Over the coming days, the news of the rebellion’s success made its way like wildfire to neighbouring ranches, whose four-legged residents were soon conspiring to make good their escape to this new land of freedom. Back at Eagle Ranch, it was Fox who first spotted a family of horses jumping the southern fence. Fox’s jarring squeal brought all the farm animals to the scene.

Evergreen stepped forward to welcome the horses, who explained how their master had worked them to the bone and forced them to escape to this liberated land. The horses pledged loyalty to Eagle Ranch and pleaded for a place in the free land. Evergreen urged the gathered citizens to welcome their fellow animals who must not be denied the opportunity of their Eagle Dream. However, Mogul, stepping into the centre, outright rejected this idea and argued that the horses simply wanted to steal their food. He threatened to lock the horses in the hen house and declared that if the animals elected him as their leader, he would build a great, great fence on the southern border [2]. The sheep bleated in enthusiastic approval and ignored Evergreens pleas. In the end, the horses were granted temporary leave pending the results of the upcoming Eagle Ranch election. Later that afternoon, a crate of apples went missing from the harvest. Yet again, Fox was first on the scene, followed by Mogul. They wasted no time blaming the horses for this crime. Mogul began conspiring with the crows, whose wings carried the rumours throughout the farm. Before long, the anti-newcomer lobby had turned almost the entire Ranch against Evergreen and the horses.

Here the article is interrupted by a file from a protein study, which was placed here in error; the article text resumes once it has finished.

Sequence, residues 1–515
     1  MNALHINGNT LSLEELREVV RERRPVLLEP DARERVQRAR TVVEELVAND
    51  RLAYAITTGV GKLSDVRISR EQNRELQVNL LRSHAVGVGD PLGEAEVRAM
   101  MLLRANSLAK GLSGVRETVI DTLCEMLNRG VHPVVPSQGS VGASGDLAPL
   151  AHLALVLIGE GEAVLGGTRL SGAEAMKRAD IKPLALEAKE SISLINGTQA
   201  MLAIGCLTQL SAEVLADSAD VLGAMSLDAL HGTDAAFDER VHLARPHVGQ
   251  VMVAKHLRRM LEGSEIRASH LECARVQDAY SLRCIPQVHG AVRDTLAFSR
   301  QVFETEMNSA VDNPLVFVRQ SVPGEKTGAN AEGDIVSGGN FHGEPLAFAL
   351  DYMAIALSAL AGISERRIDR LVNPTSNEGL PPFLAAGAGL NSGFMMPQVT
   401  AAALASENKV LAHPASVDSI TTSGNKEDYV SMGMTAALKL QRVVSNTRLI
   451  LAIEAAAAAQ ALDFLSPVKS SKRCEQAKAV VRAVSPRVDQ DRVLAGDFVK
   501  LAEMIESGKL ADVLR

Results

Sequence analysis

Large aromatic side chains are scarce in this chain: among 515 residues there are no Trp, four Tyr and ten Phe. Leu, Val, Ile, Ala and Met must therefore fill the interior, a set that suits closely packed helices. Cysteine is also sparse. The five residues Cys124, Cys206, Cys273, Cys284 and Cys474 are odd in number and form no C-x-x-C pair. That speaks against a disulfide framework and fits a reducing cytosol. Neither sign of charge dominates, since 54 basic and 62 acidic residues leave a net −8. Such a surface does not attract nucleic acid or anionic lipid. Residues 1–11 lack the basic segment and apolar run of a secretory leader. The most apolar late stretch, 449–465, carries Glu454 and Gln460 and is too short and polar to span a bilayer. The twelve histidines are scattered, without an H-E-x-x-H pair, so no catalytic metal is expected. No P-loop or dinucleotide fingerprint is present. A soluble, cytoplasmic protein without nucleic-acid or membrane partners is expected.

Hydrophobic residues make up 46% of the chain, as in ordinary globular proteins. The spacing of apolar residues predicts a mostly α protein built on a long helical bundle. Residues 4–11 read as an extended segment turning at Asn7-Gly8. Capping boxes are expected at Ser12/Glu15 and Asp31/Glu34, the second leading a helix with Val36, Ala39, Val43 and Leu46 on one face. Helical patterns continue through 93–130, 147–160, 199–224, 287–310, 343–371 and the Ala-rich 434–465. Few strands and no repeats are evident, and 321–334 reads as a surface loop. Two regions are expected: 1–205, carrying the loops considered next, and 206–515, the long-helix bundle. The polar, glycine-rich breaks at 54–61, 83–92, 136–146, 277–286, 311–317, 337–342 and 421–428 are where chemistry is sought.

A lone mule warned the others that they were falling into Moguls trap and urged the crows to stop sowing disinformation. Evergreen, meanwhile, in her eagerness to win the election decided to put the blame on Mogul for the missing apples. Mogul scoffed at the idea and dismissed it as “fake news.’’